Racial row at school calm­ing, MEC to visit

The Star Early Edition - - NEWS - TANKISO MAKHETHA

OR­DER ap­pears to have been re­stored at Klip­spruit West Sec­ondary School af­ter pupils were forced to miss the first day of the third term when an­gry par­ents barred them from class in a protest against the ap­point­ment of a black prin­ci­pal.

Khume Ra­mulifho, DA’s Gaut­eng shadow MEC for ed­u­ca­tion, said the prob­lem of com­mu­ni­ties op­pos­ing ap­point­ments could be rooted in the widespread cash-for-jobs saga which un­der­mined ap­point­ments made on the ba­sis of equity or mer­its.

“The de­part­ment has set a prece­dent which is mak­ing it dif­fi­cult for them be­cause these sort of prob­lems be­come rife. We shouldn’t be look­ing at this from a race per­spec­tive, but from an equity stance. If the ap­point­ment was meant to be made on the ba­sis of equity where a coloured prin­ci­pal was due to oc­cupy the po­si­tion then it be­comes a prob­lem,” Ra­mulifho said.

The racial row over the new ap­point­ment led to par­ents, mostly from the coloured area, lock­ing the school gates and vow­ing to dis­rupt learn­ing un­less the Gaut­eng De­part­ment of Ed­u­ca­tion re­scinded its de­ci­sion.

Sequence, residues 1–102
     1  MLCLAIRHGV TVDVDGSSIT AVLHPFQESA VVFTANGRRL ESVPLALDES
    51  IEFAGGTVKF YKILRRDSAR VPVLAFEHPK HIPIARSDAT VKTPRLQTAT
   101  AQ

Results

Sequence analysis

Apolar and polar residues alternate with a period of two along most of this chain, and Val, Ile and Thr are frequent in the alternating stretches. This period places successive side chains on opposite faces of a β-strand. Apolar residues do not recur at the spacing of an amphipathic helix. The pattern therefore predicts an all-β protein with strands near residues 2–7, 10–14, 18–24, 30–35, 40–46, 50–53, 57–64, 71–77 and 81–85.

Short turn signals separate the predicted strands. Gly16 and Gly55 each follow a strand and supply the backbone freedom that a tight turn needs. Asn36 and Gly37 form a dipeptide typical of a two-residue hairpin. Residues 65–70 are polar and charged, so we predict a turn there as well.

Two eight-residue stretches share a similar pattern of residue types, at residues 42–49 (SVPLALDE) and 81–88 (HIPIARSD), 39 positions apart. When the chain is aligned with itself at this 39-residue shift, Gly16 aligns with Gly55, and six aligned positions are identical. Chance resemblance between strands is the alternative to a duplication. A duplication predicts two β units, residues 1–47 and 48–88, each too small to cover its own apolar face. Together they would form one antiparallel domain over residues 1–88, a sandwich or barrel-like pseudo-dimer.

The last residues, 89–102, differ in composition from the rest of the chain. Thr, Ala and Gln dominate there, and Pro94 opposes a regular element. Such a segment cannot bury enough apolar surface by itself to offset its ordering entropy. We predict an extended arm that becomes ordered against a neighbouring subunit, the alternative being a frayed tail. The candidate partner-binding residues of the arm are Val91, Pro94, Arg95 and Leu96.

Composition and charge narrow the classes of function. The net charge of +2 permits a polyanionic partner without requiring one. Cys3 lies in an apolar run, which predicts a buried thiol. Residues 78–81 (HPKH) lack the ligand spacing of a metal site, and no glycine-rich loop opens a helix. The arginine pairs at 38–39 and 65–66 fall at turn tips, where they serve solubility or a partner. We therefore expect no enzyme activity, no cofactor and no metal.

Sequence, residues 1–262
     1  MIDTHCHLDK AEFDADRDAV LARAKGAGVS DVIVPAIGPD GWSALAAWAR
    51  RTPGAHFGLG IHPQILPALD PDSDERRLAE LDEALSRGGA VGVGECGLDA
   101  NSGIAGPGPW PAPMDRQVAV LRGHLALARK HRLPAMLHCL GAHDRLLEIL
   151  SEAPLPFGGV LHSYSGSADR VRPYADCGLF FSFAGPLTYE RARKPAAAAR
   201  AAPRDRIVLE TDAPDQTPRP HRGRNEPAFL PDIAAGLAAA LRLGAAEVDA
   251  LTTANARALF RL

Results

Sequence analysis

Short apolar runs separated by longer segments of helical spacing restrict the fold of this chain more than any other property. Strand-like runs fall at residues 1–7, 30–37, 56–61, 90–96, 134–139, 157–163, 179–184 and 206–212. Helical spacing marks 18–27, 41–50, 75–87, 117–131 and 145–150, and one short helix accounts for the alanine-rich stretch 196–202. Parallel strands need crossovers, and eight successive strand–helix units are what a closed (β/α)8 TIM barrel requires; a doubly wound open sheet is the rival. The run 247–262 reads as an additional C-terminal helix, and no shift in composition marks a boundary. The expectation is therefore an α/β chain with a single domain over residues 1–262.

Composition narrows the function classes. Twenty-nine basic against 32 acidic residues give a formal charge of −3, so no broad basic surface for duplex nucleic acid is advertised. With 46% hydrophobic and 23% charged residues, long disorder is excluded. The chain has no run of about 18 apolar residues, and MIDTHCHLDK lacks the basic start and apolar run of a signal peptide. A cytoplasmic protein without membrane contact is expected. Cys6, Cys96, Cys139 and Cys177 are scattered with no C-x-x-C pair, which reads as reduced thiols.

Com­mu­nity leader Charis Pre­to­rius said yes­ter­day the mat­ter had been es­ca­lated to MEC for Ed­u­ca­tion Panyaza Le­sufi, who is sched­uled to visit the com­mu­nity.

“At the mo­ment, the two act­ing prin­ci­pals who have been act­ing in those po­si­tions for a num­ber of years will con­tinue. A third act­ing prin­ci­pal might be ap­pointed,” Pre­to­rius said.

Le­sufi is ex­pected to visit the school to­day.

Yes­ter­day, Le­sufi said he was study­ing the case.

“We need to get to the root of the prob­lem but I have made it clear to the com­mu­nity that I will not en­gage with them if they dis­rupt classes,” Le­sufi said.

Last year, a sim­i­lar in­ci­dent oc­curred at Rood­e­poort Pri­mary School af­ter it was tem­po­rar­ily closed three times. This was af­ter a dis­pute that started in 2015 when par­ents claimed the prin­ci­pal was un­fairly ap­pointed ahead of a bet­ter qual­i­fied teacher.

Ron­ald Dy­ers from the Patriotic As­so­ci­a­tion of South Africa, one of the or­gan­i­sa­tions re­spon­si­ble for the dis­pute at Rood­e­poort Pri­mary School, told The Star yes­ter­day that protests led to a new ap­point­ment of an In­dian prin­ci­pal at the school.

Dy­ers, who was part of the com­mu­nity that closed down Klip­spruit West Sec­ondary School on Mon­day, said de­spite the dis­pute be­ing over­loaded by racial is­sues, trans­parency was nec­es­sary in the ap­point­ment of key po­si­tions.

“The whole process was by­passed and the SGB was not con­sulted and this was be­cause the de­part­ment and Sadtu (union) did not con­sider racial rep­re­sen­ta­tive­ness when the ap­point­ment was made,” he said.

‘A third act­ing prin­ci­pal might be ap­pointed’

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